Music Video Editors
Education and Training Requirements
Because video editing requires a creative perspective along with technical skills, you should take English, speech, theater, and other courses that will allow you to develop writing skills. Art and photography classes will help you become more familiar with visual media. If you're lucky enough to attend a high school that offers classes in either film history or film production, be sure to take those courses. And don't forget to take computer classes. Editing work constantly makes use of new technology, and you should become familiar and comfortable with computers as soon as possible.
While some employers may require a bachelor's degree for video editing work, actual on-the-job experience is the best guarantee of securing lasting employment. Degrees in liberal arts fields are preferred, but courses in cinematography and audiovisual techniques help editors get started in their work. You may choose to pursue a degree in such subjects as English, journalism, theater, or film. Community and two-year colleges often offer courses in the study of film history. Some of these colleges also teach film and video editing or offer degrees in the field. Universities with departments of broadcast journalism offer courses in video editing and also may have contacts at local television stations.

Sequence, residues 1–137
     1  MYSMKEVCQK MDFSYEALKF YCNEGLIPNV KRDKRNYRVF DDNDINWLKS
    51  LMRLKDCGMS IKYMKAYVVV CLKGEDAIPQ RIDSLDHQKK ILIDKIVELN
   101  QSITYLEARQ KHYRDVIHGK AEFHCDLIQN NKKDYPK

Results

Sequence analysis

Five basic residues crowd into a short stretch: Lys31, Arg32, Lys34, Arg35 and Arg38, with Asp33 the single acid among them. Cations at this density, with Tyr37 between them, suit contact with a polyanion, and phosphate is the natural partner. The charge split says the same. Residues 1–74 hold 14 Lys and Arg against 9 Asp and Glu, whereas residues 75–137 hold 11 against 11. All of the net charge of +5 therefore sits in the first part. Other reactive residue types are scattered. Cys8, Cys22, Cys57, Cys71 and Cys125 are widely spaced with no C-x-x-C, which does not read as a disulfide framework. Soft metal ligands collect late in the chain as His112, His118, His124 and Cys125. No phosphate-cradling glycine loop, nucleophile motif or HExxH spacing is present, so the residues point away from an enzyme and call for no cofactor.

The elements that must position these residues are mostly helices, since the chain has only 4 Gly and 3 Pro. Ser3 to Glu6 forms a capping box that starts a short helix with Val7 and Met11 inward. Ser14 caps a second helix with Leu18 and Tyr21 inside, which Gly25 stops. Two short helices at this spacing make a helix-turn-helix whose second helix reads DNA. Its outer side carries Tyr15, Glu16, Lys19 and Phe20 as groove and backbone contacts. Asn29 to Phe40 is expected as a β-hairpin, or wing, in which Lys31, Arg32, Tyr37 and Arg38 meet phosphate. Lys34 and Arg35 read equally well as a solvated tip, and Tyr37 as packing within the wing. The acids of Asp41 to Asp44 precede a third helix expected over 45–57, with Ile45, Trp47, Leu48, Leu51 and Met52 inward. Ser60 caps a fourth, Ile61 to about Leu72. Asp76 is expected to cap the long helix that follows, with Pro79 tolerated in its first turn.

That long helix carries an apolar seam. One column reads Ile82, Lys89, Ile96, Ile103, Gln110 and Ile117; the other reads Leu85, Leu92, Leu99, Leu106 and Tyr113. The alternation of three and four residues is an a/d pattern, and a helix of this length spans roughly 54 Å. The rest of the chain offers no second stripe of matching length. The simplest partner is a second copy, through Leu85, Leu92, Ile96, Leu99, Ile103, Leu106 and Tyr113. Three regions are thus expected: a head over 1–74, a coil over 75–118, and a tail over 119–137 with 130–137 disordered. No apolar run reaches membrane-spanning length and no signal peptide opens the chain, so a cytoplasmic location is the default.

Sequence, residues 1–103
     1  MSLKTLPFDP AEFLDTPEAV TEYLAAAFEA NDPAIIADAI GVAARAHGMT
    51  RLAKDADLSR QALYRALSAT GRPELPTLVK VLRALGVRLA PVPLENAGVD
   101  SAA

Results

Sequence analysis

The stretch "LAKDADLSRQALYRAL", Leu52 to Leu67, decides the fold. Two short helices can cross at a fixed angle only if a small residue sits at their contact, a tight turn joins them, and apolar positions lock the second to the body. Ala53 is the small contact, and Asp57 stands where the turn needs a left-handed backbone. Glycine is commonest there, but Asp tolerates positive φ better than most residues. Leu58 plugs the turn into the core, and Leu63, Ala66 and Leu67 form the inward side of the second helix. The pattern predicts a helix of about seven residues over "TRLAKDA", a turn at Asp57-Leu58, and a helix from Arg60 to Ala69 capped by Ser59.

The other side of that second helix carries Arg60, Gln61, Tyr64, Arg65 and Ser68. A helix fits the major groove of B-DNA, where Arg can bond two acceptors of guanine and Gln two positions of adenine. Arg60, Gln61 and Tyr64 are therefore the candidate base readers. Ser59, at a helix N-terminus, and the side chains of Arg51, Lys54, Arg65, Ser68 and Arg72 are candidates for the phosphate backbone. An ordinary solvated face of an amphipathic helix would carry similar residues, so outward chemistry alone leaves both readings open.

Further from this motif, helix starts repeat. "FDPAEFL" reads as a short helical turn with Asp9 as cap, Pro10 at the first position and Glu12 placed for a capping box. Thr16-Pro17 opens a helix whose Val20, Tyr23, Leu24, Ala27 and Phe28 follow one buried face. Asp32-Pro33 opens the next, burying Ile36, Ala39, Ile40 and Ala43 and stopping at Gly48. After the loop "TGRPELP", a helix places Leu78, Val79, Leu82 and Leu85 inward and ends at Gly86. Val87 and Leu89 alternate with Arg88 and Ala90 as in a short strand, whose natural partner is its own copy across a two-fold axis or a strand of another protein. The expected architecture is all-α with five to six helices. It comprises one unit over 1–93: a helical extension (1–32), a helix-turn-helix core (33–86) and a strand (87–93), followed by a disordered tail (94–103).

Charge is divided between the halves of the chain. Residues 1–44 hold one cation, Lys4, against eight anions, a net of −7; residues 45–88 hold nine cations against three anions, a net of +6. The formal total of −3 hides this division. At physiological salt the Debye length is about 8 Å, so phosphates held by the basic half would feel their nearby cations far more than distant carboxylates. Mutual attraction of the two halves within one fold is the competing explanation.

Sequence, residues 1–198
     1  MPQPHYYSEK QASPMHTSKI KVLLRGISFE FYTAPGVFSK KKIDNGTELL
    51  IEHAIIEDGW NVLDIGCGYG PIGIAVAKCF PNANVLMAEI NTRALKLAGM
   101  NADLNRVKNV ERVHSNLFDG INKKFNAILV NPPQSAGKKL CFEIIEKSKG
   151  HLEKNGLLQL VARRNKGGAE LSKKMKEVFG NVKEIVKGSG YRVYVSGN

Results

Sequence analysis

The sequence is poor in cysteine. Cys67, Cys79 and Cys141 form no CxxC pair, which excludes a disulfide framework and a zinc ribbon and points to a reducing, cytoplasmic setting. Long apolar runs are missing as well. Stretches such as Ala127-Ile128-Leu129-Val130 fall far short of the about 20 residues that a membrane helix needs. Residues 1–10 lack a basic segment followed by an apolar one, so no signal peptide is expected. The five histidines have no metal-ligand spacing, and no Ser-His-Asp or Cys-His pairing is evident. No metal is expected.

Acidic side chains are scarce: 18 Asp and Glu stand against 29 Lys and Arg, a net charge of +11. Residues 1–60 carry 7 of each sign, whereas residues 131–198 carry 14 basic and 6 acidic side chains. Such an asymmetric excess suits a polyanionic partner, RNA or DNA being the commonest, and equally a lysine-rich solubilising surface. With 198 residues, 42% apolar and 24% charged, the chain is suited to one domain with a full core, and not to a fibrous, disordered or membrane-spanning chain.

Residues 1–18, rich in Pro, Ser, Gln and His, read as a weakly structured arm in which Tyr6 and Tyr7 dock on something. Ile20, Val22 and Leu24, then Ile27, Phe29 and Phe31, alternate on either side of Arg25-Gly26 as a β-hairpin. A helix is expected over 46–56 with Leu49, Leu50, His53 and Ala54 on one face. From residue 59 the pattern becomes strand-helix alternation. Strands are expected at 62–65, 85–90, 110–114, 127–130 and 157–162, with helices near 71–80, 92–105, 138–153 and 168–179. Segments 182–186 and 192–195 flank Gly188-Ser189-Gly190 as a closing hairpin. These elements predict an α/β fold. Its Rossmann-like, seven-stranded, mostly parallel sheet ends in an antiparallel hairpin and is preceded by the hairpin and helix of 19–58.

Training as a music video editor takes from four to 10 years. Many editors learn much of their skills on the job as an assistant or apprentice at a film studio or production company. During an apprenticeship, the apprentice has the opportunity to see the work of the video editor up close. The editor may eventually assign some of his or her minor duties to the apprentice, while still making the larger decisions. After a few years the apprentice may be promoted to editor or may apply for a position at another studio or production company.
Other Education or Training
The American Film Institute, in partnership with Montgomery College-Takoma Park in Maryland, offers various workshops on filmmaking and how to create shorts or documentaries. Contact the institute for more information.
Certification, Licensing, and Special Requirements
Certification or Licensing
Music video editors must be experts at using technology and software. Avid, Final Cut Pro, and other digital editing systems offer training and certification programs. Becoming certified is a good way for editors to increase their marketability as well as build their skills. But, as everywhere in the arts, people get jobs through their talent, work, and contacts, not through certifications.
Experience, Skills, and Personality Traits
Unless you earn a degree in film or video editing, it will take four to 10 years of on-the-job experience (as an assistant or apprentice) to become an established editor. Additionally, any experience you can obtain using editing software programs will be useful.
To edit music videos, you should be able to work well with others and remain open to suggestions and guidance. A successful editor also has an understanding of the history and evolution of music videos and a feel for the narrative form in general. Computer skills are also important—particularly knowledge of Avid and Final Cut software using Pro Tools—and will help you to learn new technology in the field.